dummies on wireless LAN security
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Thread: dummies on wireless LAN security

  1. #1
    Junior Member
    Join Date
    Dec 2004
    Posts
    1

    Question dummies on wireless LAN security

    Hi Guys,

    New in wireless networking I need you guys help.
    I just step up my wireless LAN.
    How can I secure it to avoid security breach ?

    I would appreciate you guys ideas on best practices.
    To defend my network from prying eyes.

    Look forward to you guys response.

    - "May there never develop in me the notion that my education is complete, but give me the strength and leisure and zeal continually to enlarge my knowledge."

  2. #2
    Just a Virtualized Geek MrLinus's Avatar
    Join Date
    Sep 2001
    Location
    Redondo Beach, CA
    Posts
    7,324
    Security is not a single solution but rather a layered concept. The more layers you have that work well with each other, the better your odds are in regards to security. Keep in mind there is no such thing as 100% security. There always is a hole, it just hasn't been found yet. That in mind, the following might be some simplistic measures/suggestions that might help:

    Start with the Windows PCs on the wireless lan (they tend to have the most problems):
    • - ensure each has a firewall (Sygate is a good one )

      - ensure each has active and up-to-date AV (AVG or Avast)

      - ensure each has some type of spyware detection (Adaware)

      - have a registry checker/startup/spyware identifier (HiJackThis! is well recognized at this)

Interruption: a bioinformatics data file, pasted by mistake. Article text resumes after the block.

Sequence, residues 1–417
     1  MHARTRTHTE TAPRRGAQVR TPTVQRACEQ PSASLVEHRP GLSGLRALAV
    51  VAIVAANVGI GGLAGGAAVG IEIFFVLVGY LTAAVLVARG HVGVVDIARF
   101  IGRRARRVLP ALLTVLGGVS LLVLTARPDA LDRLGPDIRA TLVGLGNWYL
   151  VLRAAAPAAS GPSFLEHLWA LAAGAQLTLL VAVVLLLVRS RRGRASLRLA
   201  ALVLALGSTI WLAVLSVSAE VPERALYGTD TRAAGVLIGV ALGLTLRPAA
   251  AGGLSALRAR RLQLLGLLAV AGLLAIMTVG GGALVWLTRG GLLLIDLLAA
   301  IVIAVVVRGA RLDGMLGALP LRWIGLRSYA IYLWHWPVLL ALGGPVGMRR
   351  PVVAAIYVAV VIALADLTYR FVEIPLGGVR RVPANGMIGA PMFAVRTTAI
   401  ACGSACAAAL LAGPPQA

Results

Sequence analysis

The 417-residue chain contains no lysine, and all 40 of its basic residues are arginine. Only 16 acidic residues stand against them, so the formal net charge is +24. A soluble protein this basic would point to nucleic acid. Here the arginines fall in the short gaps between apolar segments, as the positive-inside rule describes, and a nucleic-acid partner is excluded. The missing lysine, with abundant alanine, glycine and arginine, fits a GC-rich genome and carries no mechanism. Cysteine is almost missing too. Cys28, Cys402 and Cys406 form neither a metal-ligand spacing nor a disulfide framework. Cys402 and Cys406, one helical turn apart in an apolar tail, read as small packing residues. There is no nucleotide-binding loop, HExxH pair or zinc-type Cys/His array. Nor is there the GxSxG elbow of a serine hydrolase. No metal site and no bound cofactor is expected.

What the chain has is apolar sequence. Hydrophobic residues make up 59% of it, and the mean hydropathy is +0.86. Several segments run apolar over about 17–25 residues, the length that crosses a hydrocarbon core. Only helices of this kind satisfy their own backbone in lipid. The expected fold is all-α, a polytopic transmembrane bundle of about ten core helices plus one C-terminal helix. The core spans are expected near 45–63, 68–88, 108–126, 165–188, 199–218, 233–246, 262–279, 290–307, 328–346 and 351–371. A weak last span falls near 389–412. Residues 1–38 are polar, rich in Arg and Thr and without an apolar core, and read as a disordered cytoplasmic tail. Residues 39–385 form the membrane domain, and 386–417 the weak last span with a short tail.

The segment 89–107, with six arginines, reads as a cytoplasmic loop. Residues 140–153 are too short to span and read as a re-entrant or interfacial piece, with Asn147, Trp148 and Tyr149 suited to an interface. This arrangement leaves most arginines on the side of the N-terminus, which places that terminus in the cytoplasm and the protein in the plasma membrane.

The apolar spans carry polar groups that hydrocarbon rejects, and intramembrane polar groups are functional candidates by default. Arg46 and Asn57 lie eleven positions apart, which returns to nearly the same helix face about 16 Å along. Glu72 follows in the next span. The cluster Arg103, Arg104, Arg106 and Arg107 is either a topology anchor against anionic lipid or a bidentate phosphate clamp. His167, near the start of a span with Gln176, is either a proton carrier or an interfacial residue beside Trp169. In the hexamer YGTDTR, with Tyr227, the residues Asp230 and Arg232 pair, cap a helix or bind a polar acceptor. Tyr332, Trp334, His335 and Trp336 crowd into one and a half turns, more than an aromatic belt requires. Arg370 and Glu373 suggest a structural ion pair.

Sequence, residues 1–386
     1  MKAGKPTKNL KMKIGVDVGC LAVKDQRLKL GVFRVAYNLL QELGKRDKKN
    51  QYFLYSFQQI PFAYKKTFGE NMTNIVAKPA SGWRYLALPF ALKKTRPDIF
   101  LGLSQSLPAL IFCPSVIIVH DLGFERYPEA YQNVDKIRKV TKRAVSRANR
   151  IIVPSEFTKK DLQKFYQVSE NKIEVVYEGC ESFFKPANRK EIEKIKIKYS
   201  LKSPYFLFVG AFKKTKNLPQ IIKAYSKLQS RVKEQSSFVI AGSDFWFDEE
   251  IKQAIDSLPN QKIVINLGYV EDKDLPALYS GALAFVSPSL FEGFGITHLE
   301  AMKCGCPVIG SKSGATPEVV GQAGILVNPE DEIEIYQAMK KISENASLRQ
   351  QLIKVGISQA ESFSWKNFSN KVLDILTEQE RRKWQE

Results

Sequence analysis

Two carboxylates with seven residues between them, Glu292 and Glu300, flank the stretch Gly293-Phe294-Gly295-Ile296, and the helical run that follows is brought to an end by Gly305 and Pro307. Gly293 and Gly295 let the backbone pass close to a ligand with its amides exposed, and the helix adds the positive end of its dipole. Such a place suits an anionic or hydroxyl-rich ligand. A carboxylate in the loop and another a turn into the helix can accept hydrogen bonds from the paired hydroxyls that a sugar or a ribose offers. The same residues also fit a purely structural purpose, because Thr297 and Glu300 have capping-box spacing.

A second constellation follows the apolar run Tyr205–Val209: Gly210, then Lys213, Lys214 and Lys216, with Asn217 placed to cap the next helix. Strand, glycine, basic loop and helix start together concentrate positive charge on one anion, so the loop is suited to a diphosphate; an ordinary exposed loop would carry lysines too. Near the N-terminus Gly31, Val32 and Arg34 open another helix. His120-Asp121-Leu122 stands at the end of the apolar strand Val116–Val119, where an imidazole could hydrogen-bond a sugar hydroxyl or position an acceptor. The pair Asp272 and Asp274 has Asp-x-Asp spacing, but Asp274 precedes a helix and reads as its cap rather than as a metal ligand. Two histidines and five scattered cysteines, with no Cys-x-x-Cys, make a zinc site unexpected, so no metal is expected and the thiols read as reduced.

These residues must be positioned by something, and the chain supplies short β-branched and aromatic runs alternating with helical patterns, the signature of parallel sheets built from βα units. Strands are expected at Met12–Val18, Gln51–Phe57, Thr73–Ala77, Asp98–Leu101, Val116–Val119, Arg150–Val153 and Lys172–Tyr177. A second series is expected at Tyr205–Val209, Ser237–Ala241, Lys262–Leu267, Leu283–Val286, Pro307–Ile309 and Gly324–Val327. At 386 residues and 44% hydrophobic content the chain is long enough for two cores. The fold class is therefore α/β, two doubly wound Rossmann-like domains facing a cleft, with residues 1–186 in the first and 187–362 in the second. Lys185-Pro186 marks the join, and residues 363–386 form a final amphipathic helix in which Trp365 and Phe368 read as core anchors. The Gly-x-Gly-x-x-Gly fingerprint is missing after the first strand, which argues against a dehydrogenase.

- use an alternative browser to IE (Mozilla/Firefox)

      - ensure that the OS is up-to-date and has latest patches/service packs (Windows Update -- for this you need IE)


    Then for the wireless device itself (different devices have different levels of security -- take the time to read the fine print on the back of the box or explore the website of the manufacturure) you should look at these:
    • - use some type of encryption (WEP-128 at the most basic; WPA at the higher end -- availability will depend on what the device has)

      - ensure that the pass-phrase used to create the key is not a simplistic or easily guessable one (i.e., use a variety of characters and include all the types -- upper case, lower case, numbers and special characters)

      - avoid using SSID broadcast

      - change the default password and user name at log on if possible (some routers won't allow username changes but you can change the password)

      - change the SSID to a different, non-identifying name (e.g., DeMixed)

      - use static MAC identification (ie., only these MAC addresses will be allowed to connect)

      - use static IP addressing rather than DHCP if it's a small network (when it gets to 30+ machines it can start to get unwieldly -- depends on your patience)

      - ensure that you've enabled logging on the wireless device to track activities


    That all said, the best security you can have is how much you pay attention to the network, who's on and what's happening. You could have a 3rd party IDS (Snort is one that can be installed on a simple Win or *nix box) but nothing beats a human being questioning activities.
    Goodbye, Mittens (1992-2008). My pillow will be cold without your purring beside my head
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  3. #3
    Senior Member
    Join Date
    Jul 2001
    Posts
    343
    If your like me... I also use double NAT on my wireless bridge....
    cable modem--router---wireless bridge ---switch---wireless bridge----Router---internal network
    I I
    Router Router
    I I
    Internal Network Internal Network

    I use 1 non routable Class C address for the Backbone
    and another non routable class C for the internal networks
    And I agree a layered concept is best.....
    Franklin Werren at www.bagpipes.net
    Yes I do play the Bagpipes!

    And learning to Play the Bugle

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